Much has been made about how U.S. numerical weather prediction, specifically our Global Forecast System (GFS), is lagging behind the European Center for Medium Range Weather Forecasting (ECMWF) global model, the Integrated Forecast System (IFS). However, there is one major advantage of the GFS that is frequently overlooked. It is free. And, not only is it free, but it can be accessed anywhere in the world.
One can find, for example, the GFS on European weather web sites because it is freely available. Typically only a small subset of the ECMWF model is available – what they freely provide.
In addition, while higher resolution models covering the continental U.S. are provided by the National Weather Service for free, including the NAM and the 3-km HRRR, this is not necessarily the case in European countries.
I noticed this morning that ZAMG, the Austrian National Weather Service, was providing temporary access to INCA, their integrated nowcasting system for providing short-range forecasts, free of charge due to inclement weather.
However, one doesn't always have access to that model, which is a very useful system for anticipating short-term weather changes in complex terrain.
Thus, access is one fundamental difference between modeling in the U.S. and some European countries.
Another difference is that European countries are relatively small in size, which has enabled many countries to produce their own high-resolution modeling systems. About a year ago I sat down to try to get my arms around the number of operational modeling systems that are being run over portions of Europe (and northern Africa) at grid spacings of 3-km or less. The 3-km threshold is approximately the grid spacing of the U.S. High Resolution Rapid Refresh (HRRR). Below is a summary, first of modeling systems based on the HARMONIE-AROME modeling system, and then the COSMO, WRF, or UK Unified Modeling system.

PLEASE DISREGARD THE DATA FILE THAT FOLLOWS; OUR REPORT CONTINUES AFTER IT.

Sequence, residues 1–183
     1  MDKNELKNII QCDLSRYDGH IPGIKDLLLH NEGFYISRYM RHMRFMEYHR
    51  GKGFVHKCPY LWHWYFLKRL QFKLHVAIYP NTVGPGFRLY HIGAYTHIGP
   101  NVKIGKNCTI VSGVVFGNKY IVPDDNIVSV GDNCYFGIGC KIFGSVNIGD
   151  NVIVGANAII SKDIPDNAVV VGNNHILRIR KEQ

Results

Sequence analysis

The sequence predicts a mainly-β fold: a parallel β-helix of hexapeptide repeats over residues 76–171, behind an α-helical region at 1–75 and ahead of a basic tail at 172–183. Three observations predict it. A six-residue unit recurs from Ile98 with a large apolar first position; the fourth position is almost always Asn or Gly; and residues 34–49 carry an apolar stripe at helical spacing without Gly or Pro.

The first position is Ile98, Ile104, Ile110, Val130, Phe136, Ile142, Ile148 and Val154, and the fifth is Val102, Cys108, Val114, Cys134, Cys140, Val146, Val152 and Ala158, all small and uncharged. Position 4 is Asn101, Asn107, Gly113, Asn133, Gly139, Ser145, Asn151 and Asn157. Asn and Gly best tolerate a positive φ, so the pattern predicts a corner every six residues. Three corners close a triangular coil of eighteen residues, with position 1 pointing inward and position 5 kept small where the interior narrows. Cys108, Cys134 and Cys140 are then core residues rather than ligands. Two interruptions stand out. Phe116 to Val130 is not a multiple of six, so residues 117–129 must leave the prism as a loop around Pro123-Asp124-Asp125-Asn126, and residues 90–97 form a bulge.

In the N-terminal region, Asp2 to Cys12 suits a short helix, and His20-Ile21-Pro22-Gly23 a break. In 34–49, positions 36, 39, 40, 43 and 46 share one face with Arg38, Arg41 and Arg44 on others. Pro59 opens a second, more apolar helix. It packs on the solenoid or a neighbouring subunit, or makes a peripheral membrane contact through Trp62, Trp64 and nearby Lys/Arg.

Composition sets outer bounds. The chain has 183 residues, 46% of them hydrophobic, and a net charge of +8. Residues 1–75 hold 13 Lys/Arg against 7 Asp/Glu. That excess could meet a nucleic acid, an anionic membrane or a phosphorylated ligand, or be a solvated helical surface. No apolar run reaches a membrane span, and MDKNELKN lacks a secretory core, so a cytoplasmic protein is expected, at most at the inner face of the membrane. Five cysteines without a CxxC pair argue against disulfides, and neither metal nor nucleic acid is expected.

That's a lot of high-resolution forecasts.
The advantage of such an approach is that each nation can produce a high resolution forecast. Consortiums have been developed to support modeling system development, which helps with the pooling of resources. On the other hand, one is left without a full coverage high-resolution modeling system for all of Europe, which would be advantageous for many applications.
I lack sufficient understanding of the politics, economics, and weather enterprise here in European countries to adequately evaluate the merits of this approach. Thus, I will table that for others smarter than me. I will just highlight that the systems are different and that the free provision of modeling data from the National Weather Service, as well as our extensive observing network that includes satellites and radars, is not something that should be taken for granted.